He told me of how she had awakened him in the 4 a.m. mist. Eyes bloodshot, the turquoise clouded with her cigarette smoke. 4 a.m. and already half a pack down. Staring at their postcards from New Orleans, how the ghosts of the Bayou Bienvenue rose from the wetland, clammed at her arms. The shriveled cypress trunks in the water, Please come with us. She held on to the broken hands, in her fresh sunflower frock. She always thought I’d like her more in her death dress.
My sister sat with me in her car, taking dollar bills out of my purse because she wasn’t getting paid until next week. Dollars going through the parking meter, each beep reminding me of the news she couldn’t wait to tell me. As she’s redoing her salmon lipstick and making sure her right eyelash stays put, she can’t help but let the words slip I’m starting fresh. This is my new life. She already has her mom fooled, this one’s the one. I stare at my phone, nodding that I’m happy for her, careful not to say Is this your third new life this year? She talks about his money, the daughter from a former marriage how he called her pajamas Grandma, picked her out some rouge lingerie for the ***** deed. A few ***** deeds and he wants to move out and buy her a house. I’m never quite sure what to say, all that comes out is nervous laughter. Well, boys will be boys. The one in Vegas comes to mind first, he also promised her forever. What about the dealer in California? It wasn’t even his house. I told her that I hope she’s happy this time, each ring coming from her phone, a fang severing more freckled skin.
So this is what it felt like. People always told me that it would just feel like peace. To me, I always imagined it to be a field of marigolds, with the smells of golden amber and patchouli wavering through my bones.
It was the days when my knotted hair finally became unraveled and you combed through the tangles while the smell of berries and mint floated through the air.
It was the burnt butter of the waffles cooking in the iron and thick bacon spewing bits of grease out of the pan as Mother cooked on cartoon-filled Saturday mornings.
I was always told that with peace, there were no inviting questions. No sinful, succulent maybes. No mirroring what-ifs.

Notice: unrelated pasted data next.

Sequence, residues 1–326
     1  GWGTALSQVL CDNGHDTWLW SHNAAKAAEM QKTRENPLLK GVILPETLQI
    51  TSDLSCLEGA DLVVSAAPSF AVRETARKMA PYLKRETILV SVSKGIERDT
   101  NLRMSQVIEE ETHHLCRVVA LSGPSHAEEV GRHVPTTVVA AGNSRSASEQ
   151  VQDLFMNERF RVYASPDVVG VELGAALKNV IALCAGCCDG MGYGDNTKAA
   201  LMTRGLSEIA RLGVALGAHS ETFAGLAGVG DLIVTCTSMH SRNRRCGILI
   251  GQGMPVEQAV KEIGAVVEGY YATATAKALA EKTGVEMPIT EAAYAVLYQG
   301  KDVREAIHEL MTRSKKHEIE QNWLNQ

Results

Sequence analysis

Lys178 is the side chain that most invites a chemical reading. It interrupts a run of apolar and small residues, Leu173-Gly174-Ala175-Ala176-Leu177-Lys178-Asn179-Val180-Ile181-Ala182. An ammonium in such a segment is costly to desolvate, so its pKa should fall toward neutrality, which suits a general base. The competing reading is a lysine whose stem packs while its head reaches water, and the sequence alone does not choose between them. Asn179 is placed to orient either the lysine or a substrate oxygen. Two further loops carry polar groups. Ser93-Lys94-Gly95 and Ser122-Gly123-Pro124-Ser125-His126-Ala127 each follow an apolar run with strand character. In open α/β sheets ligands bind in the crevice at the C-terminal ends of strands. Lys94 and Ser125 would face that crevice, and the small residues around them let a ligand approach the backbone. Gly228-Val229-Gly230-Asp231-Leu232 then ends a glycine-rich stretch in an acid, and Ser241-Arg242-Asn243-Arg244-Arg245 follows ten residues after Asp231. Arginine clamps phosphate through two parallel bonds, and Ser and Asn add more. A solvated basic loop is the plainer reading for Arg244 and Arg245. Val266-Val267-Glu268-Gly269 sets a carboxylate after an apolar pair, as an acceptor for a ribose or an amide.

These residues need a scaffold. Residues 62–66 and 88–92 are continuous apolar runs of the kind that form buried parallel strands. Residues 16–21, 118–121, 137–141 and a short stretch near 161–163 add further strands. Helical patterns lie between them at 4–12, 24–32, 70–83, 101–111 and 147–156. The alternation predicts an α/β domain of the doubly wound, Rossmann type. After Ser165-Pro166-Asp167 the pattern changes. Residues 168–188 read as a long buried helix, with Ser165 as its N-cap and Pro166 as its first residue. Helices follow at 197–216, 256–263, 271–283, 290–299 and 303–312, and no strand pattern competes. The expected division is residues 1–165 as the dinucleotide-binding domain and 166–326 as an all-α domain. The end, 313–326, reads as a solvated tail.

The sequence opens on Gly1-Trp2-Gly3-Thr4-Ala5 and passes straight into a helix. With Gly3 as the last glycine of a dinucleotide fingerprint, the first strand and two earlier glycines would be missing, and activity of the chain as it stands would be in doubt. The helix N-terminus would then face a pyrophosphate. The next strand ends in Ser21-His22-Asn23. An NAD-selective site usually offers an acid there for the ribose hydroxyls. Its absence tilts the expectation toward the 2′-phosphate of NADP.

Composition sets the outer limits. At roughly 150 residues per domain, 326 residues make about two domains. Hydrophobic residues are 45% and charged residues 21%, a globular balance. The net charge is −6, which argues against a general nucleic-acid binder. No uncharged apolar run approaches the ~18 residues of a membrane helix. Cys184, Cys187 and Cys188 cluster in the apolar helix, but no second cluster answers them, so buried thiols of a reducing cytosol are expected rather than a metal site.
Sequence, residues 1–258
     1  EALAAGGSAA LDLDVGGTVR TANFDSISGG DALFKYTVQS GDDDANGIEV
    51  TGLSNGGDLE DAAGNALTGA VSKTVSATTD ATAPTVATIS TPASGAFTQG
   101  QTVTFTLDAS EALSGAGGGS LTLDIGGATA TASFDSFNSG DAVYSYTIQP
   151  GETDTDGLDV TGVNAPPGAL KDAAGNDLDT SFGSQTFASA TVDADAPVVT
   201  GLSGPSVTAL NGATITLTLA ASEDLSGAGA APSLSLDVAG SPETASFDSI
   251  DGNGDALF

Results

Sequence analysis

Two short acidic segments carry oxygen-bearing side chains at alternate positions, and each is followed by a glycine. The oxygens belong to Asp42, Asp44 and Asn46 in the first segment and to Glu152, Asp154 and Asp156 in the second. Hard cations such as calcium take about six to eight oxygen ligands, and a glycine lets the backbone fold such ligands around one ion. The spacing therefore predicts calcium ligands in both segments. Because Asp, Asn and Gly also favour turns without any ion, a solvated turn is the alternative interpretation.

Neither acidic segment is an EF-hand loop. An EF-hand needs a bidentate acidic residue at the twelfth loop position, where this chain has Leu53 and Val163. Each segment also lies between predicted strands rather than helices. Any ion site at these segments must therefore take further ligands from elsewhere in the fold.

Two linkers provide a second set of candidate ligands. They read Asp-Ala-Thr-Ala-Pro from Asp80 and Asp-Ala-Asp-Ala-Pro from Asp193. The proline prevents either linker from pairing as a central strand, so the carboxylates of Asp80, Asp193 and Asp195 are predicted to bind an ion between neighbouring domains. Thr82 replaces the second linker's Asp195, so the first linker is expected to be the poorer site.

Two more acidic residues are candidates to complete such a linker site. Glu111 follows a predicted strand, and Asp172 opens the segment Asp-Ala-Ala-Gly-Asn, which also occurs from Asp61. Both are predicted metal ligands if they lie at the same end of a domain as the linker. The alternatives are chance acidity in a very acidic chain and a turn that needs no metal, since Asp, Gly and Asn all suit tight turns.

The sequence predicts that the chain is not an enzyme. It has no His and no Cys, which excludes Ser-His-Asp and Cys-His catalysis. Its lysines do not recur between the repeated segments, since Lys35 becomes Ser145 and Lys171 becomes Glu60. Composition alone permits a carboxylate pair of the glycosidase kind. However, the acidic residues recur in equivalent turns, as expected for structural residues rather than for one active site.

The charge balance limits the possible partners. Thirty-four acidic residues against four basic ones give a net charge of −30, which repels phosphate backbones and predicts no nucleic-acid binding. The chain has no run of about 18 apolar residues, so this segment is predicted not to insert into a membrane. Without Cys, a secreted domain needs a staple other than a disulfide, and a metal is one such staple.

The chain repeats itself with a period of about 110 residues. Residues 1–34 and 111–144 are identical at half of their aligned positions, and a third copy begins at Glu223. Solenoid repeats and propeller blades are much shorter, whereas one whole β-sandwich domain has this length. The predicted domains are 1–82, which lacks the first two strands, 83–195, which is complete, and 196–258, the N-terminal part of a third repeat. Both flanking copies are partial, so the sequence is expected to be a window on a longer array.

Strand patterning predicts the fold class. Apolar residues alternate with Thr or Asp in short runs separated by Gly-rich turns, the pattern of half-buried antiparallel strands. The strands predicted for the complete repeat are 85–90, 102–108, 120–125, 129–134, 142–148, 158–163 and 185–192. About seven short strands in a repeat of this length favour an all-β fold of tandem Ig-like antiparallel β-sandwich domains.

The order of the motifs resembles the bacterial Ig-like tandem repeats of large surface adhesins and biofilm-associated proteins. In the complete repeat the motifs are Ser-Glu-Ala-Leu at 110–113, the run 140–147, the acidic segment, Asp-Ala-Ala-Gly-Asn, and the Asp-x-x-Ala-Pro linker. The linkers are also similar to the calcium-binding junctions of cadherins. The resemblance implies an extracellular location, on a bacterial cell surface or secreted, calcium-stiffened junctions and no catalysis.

You in the arms of another, no marigolds, tangles, or berries. Death, you didn’t get me this time. I will be okay.
You’re so exotic. He’d stare into my almond eyes, one lighter than the other fingers following the tangled waves that ran down my shoulder blades.
What was exotic? My father, blue eyed brute, born into the Los Angeles slums when the city lights were still filled by browning fields.
My mother, unbleached hazel, proud to say she’s been an American longer, than ever a refugee.
You should dye it black. The tangled waves, hues of coffee and amber were never good enough.
You should dress more like them. I’m sorry, the pink and blue sampot hol with silk ruffles and mandarin flowers don’t match my ***** sneakers, and for the hundredth time, it’s not a kimono. No, I don’t know anyone who works at that massage parlor with the women in six inch heels parading around the golden dragon out in front.
No, my father didn’t rescue my mother from the nail salon and what makes you think I would know anything about mail order brides.
Television has taught you that I should be exotic and neurotic. Ready to submit at the snap of your fingers.
Ready to present, with a geisha’s poise. You really expect me to respond?
How long has it been since they were last together? She remembers the first rainy dinner and the soggy bread. She remembers the road trip to California, lost on the road forever. The first picture taken of them embracing hasn’t left her mind. After they hugged, she snuck a peck and he turned Venetian red. She remembers the way he sang out on the streets for change. His voice, only one of its kind. What she’ll always remember is how he started acting strange and how the little blue pill box wasn’t what she thought. Struggling, he had one foot in adulthood, the other fighting to keep him in his youth. She remembers even though they were so in love, she couldn’t see and misunderstood. She shook those thoughts away and got her head down from above. 35 and now just seeing the truth of how a little blue pill box can cause a strife. She knew now, for the rest of her life he would always be the angel-faced boy and nothing more because he would forever stay 24.